We're aiming to put £10 million a year into community sport

October 13, 2020

Indoor Sports Adapt To New Restrictions

The latest government restrictions in England have limited adult indoor sports to groups of six or fewer, creating another obstacle for clubs across the country to overcome.

But in the North East of England – an area under stricter ‘local lockdown’ restrictions - adult indoor team sports have been brought to a halt altogether. Only one household or support bubble is allowed to participate in physical activities together indoors.

Under 18s sessions are still allowed to continue with social distancing in place.

But these limitations have left indoor clubs in the North East desperate for local authorities to reconsider the ‘blanket ban’.

“It’s just been an absolute nightmare trying to interpret the government restrictions,” said North East Volleyball Association and Newcastle Panthers secretary Sue Sowden.

“When we heard that there was no adult indoor sports allowed at all in the North East we had to cancel a week of sessions just to get our head around the announcement and the rearranging we’d have to do.

“The worst thing is we were all ready to go with the social bubbles in place and then suddenly we can’t do anything apart from juniors’ sessions.”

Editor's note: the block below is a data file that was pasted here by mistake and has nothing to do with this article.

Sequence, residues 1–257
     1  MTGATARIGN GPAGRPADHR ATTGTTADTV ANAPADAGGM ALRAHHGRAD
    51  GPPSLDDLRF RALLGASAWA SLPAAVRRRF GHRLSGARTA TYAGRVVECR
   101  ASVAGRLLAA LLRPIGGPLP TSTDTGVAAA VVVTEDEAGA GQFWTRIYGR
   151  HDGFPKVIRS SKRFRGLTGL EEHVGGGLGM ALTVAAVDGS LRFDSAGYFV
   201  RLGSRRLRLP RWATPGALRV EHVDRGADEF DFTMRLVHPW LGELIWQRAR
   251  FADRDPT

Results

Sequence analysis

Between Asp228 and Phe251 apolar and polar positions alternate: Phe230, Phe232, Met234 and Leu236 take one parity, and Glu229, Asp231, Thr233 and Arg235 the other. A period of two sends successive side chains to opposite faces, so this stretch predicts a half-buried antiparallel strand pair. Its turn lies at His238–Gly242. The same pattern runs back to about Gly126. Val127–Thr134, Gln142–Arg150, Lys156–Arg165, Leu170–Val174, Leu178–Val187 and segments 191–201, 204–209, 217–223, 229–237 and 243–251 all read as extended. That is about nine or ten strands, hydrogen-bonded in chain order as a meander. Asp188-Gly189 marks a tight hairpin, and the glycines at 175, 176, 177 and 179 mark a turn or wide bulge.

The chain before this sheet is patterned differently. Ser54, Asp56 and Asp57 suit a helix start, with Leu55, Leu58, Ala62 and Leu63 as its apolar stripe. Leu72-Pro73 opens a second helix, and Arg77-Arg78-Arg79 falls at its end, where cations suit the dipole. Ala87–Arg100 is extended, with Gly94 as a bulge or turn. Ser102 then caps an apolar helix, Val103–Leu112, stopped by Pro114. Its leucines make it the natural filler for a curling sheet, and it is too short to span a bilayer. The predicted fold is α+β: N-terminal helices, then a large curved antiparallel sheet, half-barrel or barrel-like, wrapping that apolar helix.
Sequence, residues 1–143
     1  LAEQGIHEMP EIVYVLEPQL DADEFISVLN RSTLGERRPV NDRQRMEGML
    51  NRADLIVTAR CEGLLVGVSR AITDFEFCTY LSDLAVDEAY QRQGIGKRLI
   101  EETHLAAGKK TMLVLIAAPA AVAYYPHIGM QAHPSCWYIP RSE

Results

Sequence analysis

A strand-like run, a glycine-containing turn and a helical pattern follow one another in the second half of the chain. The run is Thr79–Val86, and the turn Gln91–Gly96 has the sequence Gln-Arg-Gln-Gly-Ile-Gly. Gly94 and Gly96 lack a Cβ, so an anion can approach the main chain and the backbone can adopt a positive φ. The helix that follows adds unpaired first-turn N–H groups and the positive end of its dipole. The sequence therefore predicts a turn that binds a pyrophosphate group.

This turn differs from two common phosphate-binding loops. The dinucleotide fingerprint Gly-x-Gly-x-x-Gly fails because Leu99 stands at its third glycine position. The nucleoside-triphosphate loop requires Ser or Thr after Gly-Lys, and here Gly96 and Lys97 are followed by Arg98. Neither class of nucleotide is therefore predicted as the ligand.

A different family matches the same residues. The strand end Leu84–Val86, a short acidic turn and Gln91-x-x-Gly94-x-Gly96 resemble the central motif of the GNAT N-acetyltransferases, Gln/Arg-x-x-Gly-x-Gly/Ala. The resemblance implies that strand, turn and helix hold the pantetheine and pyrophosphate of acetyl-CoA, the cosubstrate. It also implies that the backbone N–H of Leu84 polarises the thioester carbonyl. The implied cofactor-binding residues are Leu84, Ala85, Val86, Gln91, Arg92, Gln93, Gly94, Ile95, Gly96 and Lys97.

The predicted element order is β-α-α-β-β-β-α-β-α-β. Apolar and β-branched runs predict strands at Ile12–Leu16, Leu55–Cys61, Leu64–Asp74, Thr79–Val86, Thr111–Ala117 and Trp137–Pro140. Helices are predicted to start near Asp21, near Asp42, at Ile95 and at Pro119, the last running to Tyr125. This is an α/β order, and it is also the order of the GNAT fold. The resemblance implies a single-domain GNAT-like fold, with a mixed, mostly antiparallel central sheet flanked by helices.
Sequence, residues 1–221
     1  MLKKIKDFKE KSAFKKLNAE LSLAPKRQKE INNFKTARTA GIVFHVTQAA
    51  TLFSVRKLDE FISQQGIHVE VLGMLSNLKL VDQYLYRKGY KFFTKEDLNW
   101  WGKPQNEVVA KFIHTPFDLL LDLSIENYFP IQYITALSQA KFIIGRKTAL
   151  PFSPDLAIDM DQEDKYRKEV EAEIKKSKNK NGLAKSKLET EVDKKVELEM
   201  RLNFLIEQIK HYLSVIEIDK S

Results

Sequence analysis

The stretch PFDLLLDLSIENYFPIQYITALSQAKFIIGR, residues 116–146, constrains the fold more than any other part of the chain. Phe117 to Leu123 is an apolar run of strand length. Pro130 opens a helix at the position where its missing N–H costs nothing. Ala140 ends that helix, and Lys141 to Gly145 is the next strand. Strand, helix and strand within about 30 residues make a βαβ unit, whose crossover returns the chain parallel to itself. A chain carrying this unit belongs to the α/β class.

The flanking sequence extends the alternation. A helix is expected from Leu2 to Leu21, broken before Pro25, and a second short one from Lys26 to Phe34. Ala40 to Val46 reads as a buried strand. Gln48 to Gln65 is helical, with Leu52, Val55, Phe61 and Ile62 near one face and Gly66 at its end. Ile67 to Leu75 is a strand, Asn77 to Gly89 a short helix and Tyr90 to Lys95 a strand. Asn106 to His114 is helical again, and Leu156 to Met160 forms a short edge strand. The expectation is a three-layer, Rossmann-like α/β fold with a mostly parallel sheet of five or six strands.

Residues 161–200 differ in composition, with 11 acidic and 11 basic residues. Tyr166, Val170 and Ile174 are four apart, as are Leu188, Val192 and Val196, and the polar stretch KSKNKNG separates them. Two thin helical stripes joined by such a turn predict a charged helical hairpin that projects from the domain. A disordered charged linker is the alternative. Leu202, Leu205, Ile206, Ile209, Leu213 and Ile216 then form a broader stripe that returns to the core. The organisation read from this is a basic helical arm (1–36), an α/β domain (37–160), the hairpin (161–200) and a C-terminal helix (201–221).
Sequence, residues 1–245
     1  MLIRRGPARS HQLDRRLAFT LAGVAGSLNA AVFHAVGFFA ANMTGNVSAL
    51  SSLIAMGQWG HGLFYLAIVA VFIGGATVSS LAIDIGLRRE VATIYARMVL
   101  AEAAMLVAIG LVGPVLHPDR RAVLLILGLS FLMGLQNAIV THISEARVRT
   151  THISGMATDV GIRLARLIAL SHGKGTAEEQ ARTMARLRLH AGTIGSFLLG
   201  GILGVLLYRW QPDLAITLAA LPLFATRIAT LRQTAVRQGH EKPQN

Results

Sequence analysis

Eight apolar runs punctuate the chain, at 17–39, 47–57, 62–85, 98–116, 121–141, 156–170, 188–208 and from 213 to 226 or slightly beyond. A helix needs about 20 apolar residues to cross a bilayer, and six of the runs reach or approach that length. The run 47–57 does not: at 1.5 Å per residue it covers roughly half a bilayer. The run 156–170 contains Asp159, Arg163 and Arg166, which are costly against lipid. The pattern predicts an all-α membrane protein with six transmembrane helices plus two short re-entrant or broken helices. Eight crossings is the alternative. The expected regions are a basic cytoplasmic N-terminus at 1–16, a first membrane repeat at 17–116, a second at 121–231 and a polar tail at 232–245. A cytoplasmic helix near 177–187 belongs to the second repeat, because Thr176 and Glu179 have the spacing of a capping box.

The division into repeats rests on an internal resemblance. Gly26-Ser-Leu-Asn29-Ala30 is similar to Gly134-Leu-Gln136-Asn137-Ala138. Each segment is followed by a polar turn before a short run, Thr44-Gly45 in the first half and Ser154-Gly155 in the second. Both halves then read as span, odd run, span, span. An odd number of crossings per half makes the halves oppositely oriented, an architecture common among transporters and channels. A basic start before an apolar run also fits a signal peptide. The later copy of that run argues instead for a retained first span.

A silver lining for the Panthers is that their Under 18s programmes have been thriving since the return to sport following the initial national lockdown.

The club has been inundated with new memberships and has had to adopt an invite only approach to ensure sessions are not overcrowded with players.

“Juniors has always been a focus of ours,” added Sue. “But at the moment – because we can only do junior sessions – we need to try and get as many of those that have signed up actually playing.

“We’ve had about 50 new members sign up in the past few months. I don’t know where the sudden interest in volleyball has come from but it’s great!

“So our headache at the moment is trying to keep the numbers manageable and know who’s coming. We’ve got two courts and we’re allowed 30 juniors on each but we restrict it to 18 and two coaches so we can get around everyone.”

Despite the club’s booming youth programmes Sue is still desperate to get their adult players back on the court as soon as possible.

The local authorities’ virtual ban on indoor adult sports doesn’t take into account the different ways in which each sport can cope.

And Sue thinks this policy should be rethought with that logic in mind.

“We all know that we all could continue perfectly safely and following the guidelines – whatever they become,” said Sue.

“Us, the Newcastle Eagles and Riverside Netball, who all share the same arena, have been trying to get in touch with our governing bodies and lobby the local council.

“We already have problems with obesity in the North East and now it could get even worse. I know people can exercise at home but it’s not the same. It’s about the camaraderie, the team, the social aspect of it all as well.

“Everybody that’s involved in sport wants to continue so we’ll do whatever we have to do to be allowed to continue.

“We just want the opportunity rather than a blanket ban that says no sports for adults - without any logic.”

READ ANOTHER ARTICLE